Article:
The In Efficiency Of Monopoly

Topics: Perfect competition, Economics, Monopoly Pages: 1 (273 words) Published: December 4, 2014
The monopolist produces a lower output and sells it at a higher price than would a competitive industry” a) Briefly explain the equilibrium position of the monopolist. Use your analysis to show what is meant by this statement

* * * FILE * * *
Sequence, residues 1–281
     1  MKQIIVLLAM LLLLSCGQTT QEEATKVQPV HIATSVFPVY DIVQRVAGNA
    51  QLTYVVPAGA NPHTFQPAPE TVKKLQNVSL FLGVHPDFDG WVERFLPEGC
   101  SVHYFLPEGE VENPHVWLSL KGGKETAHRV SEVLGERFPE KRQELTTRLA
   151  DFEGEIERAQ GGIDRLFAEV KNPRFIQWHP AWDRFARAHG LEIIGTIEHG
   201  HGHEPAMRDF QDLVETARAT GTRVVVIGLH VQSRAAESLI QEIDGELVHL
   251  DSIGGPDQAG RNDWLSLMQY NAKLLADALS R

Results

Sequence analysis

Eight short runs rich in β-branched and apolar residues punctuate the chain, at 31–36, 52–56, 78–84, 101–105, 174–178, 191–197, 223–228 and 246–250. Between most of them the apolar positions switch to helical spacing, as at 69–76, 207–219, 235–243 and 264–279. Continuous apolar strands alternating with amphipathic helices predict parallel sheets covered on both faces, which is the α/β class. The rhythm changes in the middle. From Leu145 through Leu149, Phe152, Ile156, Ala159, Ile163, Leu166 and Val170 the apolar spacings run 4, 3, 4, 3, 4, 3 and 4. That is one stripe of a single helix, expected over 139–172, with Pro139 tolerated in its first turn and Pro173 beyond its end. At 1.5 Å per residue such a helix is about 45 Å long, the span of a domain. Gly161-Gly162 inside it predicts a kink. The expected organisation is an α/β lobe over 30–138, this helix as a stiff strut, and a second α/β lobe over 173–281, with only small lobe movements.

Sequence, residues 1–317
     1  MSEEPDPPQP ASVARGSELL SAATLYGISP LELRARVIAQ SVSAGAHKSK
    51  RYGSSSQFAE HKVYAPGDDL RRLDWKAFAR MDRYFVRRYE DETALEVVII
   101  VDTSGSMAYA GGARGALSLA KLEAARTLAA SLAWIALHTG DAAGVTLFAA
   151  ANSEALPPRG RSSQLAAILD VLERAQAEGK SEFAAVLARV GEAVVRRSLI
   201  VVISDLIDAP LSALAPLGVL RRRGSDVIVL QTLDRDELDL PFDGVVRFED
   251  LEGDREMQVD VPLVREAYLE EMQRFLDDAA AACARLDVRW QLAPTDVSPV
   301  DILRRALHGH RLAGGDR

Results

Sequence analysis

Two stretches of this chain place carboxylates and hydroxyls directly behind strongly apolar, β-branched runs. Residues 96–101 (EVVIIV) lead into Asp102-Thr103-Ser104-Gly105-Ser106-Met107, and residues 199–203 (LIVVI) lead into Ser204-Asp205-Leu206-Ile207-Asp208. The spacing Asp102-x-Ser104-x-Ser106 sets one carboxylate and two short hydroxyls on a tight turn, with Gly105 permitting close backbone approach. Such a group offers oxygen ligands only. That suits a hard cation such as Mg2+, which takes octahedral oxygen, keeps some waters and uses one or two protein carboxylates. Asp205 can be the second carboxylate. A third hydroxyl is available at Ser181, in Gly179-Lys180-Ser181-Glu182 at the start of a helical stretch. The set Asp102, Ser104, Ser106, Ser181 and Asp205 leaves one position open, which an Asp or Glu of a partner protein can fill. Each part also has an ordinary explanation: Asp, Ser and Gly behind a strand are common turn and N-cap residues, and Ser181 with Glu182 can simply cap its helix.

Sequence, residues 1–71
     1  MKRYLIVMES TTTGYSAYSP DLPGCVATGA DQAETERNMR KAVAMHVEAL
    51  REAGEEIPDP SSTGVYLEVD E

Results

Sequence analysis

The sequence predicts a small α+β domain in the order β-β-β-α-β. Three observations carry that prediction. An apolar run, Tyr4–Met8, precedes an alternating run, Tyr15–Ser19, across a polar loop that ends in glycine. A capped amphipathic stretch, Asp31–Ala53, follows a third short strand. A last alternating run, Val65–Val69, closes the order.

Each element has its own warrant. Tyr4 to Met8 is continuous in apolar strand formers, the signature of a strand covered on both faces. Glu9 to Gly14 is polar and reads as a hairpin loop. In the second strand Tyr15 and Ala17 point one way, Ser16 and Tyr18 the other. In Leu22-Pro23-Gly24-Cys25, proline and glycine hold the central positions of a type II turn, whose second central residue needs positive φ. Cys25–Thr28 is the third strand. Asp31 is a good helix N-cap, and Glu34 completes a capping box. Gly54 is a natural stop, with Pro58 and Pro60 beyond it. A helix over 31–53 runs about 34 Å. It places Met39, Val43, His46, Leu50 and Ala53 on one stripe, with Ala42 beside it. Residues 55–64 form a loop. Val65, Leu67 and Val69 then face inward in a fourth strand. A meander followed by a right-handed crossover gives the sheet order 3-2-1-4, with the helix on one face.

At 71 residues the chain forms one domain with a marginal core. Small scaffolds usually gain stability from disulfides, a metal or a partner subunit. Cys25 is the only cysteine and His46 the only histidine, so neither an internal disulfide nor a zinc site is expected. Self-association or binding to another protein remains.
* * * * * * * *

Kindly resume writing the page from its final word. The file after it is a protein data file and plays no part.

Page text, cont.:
Monopolies are described as Price Makers, and are therefore the theoretical extreme opposite of a perfectly competitive firm. Like perfectly competitive firms the Monopolist will seek to maximize profit and produce where MC=MR. The monopolist however faces much less competition if any and therefore can afford to restrict output and charge a higher price. In this way The monopolist can earn abnormal profit in both the short and long run. In the long run perfectly competitive firms are both allocatively and productively efficient.The monopolist is Allocatively inefficient since they do not produce all units up to the point where the social benefit gained from the unit is equal to its social cost. They restrict their output in order to keep prices high. They produce where MC=MR regardless of the cost to society in terms of dead weight loss or community surplus. They are also productively inefficient since they Do not operate on the lowest point of the average cost curve. They operate at the profit maximizing output of MC=MR. Unlike a perfectly competitive firm the Monopolist faces a downward sloping demand or AR curve and a MR curve that is twice as steep. Regardless of monopoly power they must lower their prices to sell more. If they operate at the minimum point on the AC curve profits may fall as prices will have to be reduced to sell this extra output.
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